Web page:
In order to study predation and population oscillations, Huffaker used mite species, one being the predator and the other being the prey.[4] He set up a controlled experiment using oranges, which the prey fed on, as the spatially structured habitat in which the predator and prey would interact.[5] At first, Huffaker experienced difficulties similar to those of Gause in creating a stable predator–prey interaction. By using oranges only, the prey species quickly became extinct followed consequently with predator extinction. However, he discovered that by modifying the spatial structure of the habitat, he could manipulate the population dynamics and allow the overall survival rate for both species to increase. He did this by altering the distance between the prey and oranges (their food), establishing barriers to predator movement, and creating corridors for the prey to disperse.[3] These changes resulted in increased habitat patches and in turn provided more areas for the prey to seek temporary protection. When the prey would become extinct locally at one habitat patch, they were able to reestablish by migrating to new patches before being attacked by predators. This habitat spatial structure of patches allowed for coexistence between the predator and prey species and promoted a stable population oscillation model.[6] Although the term metapopulation had not yet been coined, the environmental factors of spatial heterogeneity and habitat patchiness would later describe the conditions of a metapopulation relating to how groups of spatially separated populations of species interact with one another. Huffaker's experiment is significant because it showed how metapopulations can directly affect the predator–prey interactions and in turn influence population dynamics.[7]

The Levins model

Levins' original model applied to a metapopulation distributed over many patches of suitable habitat with significantly less interaction between patches than within a patch. Population dynamics within a patch were simplified to the point where only presence and absence were considered. Each patch in his model is either populated or not.

Let N be the fraction of patches occupied at a given time. During a time dt, each occupied patch can become unoccupied with an extinction probability edt. Additionally, 1 − N of the patches are unoccupied. Assuming a constant rate c of propagule generation from each of the N occupied patches, during a time dt, each unoccupied patch can become occupied with a colonization probability cNdt . Accordingly, the time rate of change of occupied patches, dN/dt, is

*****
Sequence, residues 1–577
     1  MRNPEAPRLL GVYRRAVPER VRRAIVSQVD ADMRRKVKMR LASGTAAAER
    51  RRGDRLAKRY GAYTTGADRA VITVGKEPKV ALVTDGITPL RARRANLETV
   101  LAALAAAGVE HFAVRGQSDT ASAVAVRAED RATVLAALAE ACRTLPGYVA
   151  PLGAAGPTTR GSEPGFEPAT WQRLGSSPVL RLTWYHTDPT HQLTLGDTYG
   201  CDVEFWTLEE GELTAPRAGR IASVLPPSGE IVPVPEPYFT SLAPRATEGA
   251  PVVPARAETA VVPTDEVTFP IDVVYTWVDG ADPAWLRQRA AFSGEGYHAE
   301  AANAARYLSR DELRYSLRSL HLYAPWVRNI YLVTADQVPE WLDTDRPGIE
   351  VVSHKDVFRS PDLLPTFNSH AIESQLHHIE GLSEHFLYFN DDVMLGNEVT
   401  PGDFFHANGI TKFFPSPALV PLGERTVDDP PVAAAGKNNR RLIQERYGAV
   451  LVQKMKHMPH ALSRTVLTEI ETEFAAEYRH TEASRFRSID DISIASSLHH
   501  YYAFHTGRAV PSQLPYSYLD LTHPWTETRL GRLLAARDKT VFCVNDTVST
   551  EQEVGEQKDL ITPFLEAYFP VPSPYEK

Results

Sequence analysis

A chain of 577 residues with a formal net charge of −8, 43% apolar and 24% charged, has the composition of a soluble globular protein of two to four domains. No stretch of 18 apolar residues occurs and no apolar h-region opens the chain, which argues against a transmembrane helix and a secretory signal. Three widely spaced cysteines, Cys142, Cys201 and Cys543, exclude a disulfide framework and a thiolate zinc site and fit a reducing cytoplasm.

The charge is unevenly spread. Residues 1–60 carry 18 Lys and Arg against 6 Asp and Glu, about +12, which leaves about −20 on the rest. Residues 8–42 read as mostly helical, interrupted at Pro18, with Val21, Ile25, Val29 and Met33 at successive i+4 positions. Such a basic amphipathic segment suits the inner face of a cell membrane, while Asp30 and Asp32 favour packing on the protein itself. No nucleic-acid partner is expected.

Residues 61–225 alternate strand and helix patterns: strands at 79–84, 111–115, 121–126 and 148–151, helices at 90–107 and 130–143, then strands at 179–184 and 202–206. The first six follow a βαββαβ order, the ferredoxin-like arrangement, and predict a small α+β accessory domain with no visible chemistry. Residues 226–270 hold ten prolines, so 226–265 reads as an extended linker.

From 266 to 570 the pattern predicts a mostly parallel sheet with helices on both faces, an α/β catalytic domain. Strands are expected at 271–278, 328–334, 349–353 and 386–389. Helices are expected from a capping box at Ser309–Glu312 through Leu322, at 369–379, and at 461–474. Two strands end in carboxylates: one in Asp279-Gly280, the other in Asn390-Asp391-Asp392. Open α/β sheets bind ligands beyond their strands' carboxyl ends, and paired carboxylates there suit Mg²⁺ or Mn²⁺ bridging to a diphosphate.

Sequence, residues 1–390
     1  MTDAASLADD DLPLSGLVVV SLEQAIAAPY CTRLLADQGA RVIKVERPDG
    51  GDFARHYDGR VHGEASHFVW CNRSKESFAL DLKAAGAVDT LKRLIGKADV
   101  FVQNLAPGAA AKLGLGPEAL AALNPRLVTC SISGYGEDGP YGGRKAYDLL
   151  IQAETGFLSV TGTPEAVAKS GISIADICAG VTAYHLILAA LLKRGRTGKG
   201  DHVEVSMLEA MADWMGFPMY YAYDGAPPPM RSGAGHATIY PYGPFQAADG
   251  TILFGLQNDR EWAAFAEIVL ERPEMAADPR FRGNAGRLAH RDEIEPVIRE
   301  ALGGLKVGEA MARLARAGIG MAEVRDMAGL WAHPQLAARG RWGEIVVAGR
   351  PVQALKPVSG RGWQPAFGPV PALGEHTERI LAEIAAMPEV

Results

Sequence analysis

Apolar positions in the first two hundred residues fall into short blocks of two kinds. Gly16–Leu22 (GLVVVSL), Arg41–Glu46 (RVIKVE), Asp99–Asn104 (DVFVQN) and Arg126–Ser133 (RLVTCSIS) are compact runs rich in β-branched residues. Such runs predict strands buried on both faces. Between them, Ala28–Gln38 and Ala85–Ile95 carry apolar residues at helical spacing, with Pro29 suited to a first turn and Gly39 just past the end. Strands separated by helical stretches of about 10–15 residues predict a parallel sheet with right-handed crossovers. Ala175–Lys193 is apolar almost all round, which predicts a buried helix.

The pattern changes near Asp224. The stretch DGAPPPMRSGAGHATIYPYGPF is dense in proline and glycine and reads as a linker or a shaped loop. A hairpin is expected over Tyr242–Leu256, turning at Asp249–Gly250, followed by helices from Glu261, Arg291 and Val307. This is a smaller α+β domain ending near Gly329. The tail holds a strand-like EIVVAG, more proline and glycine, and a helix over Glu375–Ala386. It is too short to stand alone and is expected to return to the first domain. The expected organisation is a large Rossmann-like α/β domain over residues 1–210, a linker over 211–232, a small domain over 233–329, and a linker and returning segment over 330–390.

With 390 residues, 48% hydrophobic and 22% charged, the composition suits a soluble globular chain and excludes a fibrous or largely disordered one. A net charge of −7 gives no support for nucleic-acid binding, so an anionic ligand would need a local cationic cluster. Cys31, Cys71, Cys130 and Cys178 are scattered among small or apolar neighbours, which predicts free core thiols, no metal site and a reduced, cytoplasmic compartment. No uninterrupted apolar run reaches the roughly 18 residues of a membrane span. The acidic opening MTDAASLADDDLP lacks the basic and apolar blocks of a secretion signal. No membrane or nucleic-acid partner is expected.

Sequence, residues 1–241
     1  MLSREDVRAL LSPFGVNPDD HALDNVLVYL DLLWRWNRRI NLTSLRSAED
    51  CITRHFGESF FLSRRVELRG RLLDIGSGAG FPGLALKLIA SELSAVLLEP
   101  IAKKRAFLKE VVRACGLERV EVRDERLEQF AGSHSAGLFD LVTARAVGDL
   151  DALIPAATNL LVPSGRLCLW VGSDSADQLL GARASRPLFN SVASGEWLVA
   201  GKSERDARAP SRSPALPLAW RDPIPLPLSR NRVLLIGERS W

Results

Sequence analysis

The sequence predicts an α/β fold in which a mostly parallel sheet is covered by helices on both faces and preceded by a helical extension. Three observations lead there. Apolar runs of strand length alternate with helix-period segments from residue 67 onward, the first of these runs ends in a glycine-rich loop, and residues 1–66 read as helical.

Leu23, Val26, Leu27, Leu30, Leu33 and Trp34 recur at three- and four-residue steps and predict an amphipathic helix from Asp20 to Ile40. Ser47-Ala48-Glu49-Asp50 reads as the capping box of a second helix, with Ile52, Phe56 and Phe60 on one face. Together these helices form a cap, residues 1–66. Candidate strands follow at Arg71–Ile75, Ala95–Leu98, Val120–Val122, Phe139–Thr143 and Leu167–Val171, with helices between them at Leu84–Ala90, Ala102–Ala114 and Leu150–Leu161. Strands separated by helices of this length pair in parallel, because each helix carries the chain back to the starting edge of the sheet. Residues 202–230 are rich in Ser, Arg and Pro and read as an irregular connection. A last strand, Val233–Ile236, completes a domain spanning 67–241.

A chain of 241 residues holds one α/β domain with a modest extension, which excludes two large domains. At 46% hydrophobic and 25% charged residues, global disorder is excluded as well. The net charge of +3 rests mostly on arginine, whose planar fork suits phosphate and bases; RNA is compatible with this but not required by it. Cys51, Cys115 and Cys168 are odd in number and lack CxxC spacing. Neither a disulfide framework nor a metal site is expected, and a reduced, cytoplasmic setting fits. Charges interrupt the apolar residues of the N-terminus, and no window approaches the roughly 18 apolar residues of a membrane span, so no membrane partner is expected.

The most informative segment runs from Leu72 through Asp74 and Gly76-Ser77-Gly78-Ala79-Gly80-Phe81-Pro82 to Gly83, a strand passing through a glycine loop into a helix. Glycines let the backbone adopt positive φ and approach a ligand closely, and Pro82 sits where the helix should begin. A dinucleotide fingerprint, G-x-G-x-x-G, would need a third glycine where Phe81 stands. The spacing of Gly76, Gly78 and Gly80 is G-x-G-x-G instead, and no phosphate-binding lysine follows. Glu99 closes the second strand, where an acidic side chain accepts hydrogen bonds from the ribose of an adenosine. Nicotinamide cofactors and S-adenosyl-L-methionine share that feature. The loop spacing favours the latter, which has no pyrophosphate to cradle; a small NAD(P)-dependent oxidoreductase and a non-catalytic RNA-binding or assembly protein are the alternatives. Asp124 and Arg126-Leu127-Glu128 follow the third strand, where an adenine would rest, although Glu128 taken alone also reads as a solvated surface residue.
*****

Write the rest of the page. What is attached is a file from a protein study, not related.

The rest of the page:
This equation is mathematically equivalent to the logistic model, with a carrying capacity K given by

and growth rate r

At equilibrium, therefore, some fraction of the species's habitat will always be unoccupied.

Stochasticity and metapopulations

Huffaker's[4] studies of spatial structure and species interactions are an example of early experimentation in metapopulation dynamics. Since the experiments of Huffaker[4] and Levins,[1] models have been created which integrate stochastic factors. These models have shown that the combination of environmental variability (stochasticity) and relatively small migration rates cause indefinite or unpredictable persistence. However, Huffaker's experiment almost guaranteed infinite persistence because of the controlled immigration variable.

Stochastic patch occupancy models (SPOMs)

One major drawback of the Levins model is that it is deterministic, whereas the fundamental metapopulation processes are stochastic. Metapopulations are particularly useful when discussing species in disturbed habitats, and the viability of their populations, i.e., how likely they are to become extinct in a given time interval. The Levins model cannot address this issue. A simple way to extend the Levins' model to incorporate space and stochastic considerations is by using the contact process. Simple modifications to this model can also incorporate for patch dynamics. At a given percolation threshold, habitat fragmentation effects take place in these configurations predicting more drastic extinction thresholds.[8]